Response: EPA disagrees that we should defer action on the Maryland SIP until the litigation on the Phase 1 and Reconsideration Rules is resolved and that such a deferral would not result in any harm. Such litigation could take a year or more until the court issues a decision. In the interim, the State would face sanctions and a FIP if it failed to adopt and submit the section 185 fees SIP. Thus, harm could result from the imposition of sanctions. Additionally, the State or EPA would also be required to devote resources to developing a section 185 fees SIP or FIP.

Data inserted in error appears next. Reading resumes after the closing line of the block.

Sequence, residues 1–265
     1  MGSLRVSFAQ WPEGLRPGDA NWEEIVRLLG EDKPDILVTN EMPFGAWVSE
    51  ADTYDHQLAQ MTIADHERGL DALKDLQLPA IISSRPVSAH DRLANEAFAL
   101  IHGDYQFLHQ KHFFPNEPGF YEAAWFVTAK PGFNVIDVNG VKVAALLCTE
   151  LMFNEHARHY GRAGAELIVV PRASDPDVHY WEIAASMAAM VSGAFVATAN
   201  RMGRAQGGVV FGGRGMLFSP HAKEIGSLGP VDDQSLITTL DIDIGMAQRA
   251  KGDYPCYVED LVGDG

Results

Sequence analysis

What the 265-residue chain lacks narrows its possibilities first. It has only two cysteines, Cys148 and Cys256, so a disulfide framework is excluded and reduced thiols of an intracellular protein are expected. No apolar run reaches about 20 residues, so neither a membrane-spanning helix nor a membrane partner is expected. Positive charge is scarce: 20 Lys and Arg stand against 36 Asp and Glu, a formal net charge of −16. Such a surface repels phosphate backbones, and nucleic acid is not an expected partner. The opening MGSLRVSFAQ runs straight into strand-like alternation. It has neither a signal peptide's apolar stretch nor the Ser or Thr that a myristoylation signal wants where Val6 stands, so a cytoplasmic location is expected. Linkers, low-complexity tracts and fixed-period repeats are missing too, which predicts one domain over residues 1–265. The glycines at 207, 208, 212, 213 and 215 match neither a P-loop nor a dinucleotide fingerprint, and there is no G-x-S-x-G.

Section 185 Penalty Fee and Air Quality: EPA disagrees with the commenter's assertion that approving the Maryland attainment plan without a section 185 penalty fee provision would “undermine the air quality” in the Washington area. The section 185 fee obligation is not a control measure that results in reductions of ozone precursor emissions. As we previously noted, in response to the comments submitted on our rulemaking disapproving Maryland's attainment plan, but granting a protective finding for transportation conformity purposes, the section 185 fee program is not a control measure. See, 70 FR 25719 at 25721-25722, May 13, 2005. Section 185 of the Act simply requires that the SIP contain a provision that major stationary sources within a severe or extreme nonattainment area pay “a fee to the state as a penalty” for failure of that area to attain the ozone NAAQS by the area's attainment date. This penalty fee is based on the tons of volatile organic compounds or nitrogen oxides emitted above a source-specific trigger level during the “attainment year.” It first comes due for emissions during the calendar year beginning after the attainment date and must be paid annually until the area is redesignated to attainment of the ozone NAAQS. 42 U.S.C. 7511d(a)-(c); 7511a(f)(1). Thus, if a severe area, with an attainment date of November 15, 2005, fails to attain by that date, the first penalty assessment will be assessed in calendar year 2006 for emissions that exceed 80% of the source's 2005 baseline emissions.